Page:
Document Type

Article

Language

eng

Format of Original

21 p.

Publication Date

7-2016

Publisher

DePauw University

Source Publication

Science Fiction Studies

Source ISSN

0091-7729

Original Item ID

DOI: 10.5621/sciefictstud.43.2.0310

Abstract

Using research undertaken at the Olaf Stapledon archive at the University of Liverpool, this article explores the tension between cosmopolitan optimism and cosmic pessimism that structures Stapledon's 1937 novel Star Maker, and asks whether the novel succeeds in solving the philosophical problems that first spurred Stapledon to write it. I conclude, unhappily, that it does not: while an impressive achievement, and despite a surface optimism, the book's confrontation with infinity, totality, and the sublime is ultimately depressive rather than generative of a felicitous cosmological order, requiring Stapledon to try again and again to somehow solve this philosophical conundrum in the subsequent books that make up the later portion of his career.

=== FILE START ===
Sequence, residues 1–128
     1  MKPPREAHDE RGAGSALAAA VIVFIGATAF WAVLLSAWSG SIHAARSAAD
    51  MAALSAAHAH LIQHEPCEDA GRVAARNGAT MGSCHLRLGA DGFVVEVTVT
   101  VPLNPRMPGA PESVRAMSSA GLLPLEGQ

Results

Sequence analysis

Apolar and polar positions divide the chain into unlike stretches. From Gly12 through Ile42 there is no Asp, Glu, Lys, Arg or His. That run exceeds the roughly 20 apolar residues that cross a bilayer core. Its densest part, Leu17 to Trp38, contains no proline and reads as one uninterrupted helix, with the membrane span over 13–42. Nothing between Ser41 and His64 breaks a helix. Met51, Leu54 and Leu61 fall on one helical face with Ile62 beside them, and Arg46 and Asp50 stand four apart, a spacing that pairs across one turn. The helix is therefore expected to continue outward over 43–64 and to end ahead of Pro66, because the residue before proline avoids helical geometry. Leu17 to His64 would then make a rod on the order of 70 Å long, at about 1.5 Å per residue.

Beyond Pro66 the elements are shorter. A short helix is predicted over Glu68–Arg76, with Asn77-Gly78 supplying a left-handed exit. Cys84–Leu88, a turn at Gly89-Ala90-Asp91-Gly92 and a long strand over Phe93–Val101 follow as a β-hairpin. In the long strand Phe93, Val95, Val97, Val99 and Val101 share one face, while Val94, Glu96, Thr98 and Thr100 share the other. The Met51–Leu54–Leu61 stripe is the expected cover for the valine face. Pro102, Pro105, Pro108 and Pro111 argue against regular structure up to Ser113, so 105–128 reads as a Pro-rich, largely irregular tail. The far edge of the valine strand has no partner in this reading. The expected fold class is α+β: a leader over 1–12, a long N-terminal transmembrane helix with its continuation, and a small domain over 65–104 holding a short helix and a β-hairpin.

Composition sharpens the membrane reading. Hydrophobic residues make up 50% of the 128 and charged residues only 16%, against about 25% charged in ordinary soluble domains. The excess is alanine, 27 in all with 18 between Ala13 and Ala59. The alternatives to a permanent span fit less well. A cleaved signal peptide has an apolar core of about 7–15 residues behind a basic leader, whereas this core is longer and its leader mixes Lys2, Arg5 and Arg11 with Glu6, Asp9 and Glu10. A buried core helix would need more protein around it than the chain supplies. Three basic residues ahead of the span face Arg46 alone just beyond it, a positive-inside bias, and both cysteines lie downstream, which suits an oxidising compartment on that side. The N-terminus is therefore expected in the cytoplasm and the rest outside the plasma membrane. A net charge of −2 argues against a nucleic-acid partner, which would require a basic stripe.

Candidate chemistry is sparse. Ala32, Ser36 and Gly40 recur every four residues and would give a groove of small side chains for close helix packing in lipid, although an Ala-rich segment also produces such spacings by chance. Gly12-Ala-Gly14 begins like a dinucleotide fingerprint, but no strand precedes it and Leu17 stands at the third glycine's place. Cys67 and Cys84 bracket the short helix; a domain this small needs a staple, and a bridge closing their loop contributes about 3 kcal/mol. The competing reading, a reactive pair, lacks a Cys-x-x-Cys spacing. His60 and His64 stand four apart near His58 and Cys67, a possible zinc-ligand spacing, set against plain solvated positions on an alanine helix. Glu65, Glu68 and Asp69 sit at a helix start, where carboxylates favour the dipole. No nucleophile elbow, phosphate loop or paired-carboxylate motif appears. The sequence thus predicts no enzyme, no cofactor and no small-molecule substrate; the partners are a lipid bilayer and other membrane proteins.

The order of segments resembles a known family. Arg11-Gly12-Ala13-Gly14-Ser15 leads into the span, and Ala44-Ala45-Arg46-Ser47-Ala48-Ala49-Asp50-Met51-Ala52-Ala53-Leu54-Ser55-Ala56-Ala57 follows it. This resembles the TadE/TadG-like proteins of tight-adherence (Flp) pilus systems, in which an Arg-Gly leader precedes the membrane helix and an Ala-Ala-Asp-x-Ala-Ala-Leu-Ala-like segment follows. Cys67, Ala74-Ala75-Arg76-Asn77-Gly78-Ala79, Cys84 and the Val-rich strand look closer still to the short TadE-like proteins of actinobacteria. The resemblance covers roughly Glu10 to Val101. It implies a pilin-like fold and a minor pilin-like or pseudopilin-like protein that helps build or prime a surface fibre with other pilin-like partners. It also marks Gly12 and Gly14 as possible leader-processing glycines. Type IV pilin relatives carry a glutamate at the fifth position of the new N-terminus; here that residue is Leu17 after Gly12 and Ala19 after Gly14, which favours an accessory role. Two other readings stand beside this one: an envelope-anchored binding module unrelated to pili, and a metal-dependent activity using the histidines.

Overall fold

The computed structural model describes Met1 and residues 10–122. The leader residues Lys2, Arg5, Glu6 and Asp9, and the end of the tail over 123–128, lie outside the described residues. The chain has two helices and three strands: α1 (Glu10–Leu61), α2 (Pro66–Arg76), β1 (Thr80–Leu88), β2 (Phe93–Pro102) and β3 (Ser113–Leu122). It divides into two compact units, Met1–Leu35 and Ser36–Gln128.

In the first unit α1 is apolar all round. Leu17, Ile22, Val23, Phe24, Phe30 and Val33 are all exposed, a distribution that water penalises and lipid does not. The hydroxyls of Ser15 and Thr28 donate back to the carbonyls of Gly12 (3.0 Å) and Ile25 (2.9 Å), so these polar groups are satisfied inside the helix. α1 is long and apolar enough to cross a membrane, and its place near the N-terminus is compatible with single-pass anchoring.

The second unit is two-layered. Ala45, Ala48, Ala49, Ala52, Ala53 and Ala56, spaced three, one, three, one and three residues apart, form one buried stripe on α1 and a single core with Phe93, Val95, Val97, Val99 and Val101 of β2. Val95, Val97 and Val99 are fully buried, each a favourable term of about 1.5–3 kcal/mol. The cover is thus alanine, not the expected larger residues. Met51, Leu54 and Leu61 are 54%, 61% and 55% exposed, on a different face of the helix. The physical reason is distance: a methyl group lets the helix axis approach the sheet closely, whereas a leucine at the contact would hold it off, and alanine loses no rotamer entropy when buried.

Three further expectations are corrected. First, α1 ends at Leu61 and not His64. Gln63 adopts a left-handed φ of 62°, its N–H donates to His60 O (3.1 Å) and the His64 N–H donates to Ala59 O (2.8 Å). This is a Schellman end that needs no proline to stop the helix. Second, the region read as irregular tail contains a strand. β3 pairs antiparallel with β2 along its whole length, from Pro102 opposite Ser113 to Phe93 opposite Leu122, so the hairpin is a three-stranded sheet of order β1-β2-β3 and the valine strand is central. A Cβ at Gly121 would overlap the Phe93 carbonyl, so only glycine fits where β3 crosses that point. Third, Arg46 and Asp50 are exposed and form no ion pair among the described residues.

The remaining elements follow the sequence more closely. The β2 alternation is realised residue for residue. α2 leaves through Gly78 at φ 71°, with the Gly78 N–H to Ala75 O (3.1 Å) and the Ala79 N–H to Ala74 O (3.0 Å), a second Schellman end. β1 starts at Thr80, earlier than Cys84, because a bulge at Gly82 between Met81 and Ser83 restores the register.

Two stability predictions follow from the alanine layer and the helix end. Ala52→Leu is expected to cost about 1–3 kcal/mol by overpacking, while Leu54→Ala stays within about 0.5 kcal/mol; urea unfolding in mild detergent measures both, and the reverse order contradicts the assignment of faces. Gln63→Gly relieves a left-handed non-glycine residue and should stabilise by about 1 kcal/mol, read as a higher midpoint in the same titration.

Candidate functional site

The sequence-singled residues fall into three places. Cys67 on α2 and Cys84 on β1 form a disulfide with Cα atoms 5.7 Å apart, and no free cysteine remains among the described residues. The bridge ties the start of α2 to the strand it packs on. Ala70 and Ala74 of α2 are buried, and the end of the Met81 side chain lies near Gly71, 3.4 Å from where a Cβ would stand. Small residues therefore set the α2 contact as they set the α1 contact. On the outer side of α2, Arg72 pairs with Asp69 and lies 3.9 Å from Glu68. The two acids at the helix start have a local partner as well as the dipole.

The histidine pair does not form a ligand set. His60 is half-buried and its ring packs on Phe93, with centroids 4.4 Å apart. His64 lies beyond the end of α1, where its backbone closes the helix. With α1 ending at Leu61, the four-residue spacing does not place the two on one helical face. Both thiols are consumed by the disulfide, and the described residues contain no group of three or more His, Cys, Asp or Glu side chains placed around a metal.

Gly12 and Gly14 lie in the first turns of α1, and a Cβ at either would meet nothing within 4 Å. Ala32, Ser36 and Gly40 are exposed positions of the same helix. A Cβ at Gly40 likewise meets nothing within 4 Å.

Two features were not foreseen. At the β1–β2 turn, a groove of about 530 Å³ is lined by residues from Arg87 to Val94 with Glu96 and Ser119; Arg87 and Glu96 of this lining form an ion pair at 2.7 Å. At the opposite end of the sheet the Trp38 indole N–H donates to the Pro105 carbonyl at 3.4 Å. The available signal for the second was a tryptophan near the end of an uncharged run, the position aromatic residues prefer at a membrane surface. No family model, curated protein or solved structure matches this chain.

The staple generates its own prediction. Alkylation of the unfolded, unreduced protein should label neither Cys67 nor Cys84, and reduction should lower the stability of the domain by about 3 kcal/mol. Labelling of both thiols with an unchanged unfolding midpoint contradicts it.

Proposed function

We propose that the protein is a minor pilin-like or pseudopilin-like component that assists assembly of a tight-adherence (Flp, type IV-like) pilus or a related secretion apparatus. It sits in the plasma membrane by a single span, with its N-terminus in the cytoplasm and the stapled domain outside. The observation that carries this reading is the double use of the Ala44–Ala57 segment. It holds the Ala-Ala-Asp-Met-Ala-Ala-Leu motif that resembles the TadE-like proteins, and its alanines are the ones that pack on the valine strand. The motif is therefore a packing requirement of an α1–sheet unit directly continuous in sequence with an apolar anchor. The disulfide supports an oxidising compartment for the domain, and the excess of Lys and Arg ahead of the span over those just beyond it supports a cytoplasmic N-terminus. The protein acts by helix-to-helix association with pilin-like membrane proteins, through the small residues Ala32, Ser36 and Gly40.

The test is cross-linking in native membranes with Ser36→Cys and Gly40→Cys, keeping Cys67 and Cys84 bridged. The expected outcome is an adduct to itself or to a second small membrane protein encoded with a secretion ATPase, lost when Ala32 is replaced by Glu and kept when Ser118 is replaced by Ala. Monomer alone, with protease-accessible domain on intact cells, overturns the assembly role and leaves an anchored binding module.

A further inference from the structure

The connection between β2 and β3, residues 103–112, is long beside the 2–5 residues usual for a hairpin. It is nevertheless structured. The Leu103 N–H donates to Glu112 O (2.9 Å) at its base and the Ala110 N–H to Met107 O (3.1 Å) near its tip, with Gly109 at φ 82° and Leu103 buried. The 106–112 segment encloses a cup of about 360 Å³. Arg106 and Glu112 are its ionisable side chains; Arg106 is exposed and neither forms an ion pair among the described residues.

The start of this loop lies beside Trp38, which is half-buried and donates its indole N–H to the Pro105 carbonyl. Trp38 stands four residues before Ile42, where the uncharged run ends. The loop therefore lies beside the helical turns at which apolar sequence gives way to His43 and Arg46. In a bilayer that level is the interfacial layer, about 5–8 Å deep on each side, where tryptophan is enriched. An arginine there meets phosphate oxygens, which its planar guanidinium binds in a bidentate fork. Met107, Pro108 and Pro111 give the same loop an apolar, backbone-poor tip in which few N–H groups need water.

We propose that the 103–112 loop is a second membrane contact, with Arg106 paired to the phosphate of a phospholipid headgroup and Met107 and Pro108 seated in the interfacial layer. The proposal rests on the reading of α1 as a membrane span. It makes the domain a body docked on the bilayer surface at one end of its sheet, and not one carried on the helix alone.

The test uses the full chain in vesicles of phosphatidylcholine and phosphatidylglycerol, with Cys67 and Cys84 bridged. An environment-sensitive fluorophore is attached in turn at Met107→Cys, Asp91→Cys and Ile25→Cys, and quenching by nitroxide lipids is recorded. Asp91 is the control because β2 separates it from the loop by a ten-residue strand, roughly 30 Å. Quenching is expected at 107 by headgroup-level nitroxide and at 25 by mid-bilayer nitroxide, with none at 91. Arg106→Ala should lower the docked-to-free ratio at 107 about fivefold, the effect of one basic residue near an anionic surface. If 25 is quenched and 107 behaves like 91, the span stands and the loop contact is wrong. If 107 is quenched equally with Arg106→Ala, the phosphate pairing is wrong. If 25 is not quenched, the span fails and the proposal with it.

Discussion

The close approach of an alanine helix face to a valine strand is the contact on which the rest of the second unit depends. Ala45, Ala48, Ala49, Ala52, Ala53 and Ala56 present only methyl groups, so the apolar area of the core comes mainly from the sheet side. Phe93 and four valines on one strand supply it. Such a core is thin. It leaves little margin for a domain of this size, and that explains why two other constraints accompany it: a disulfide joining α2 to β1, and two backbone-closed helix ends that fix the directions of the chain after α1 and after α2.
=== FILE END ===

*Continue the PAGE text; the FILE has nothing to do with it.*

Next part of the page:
Comments

Published version. Science Fiction Studies, Vol. 43, No. 2 (July 2016): 310-330. DOI. © DePauw University 2016. Used with permission.

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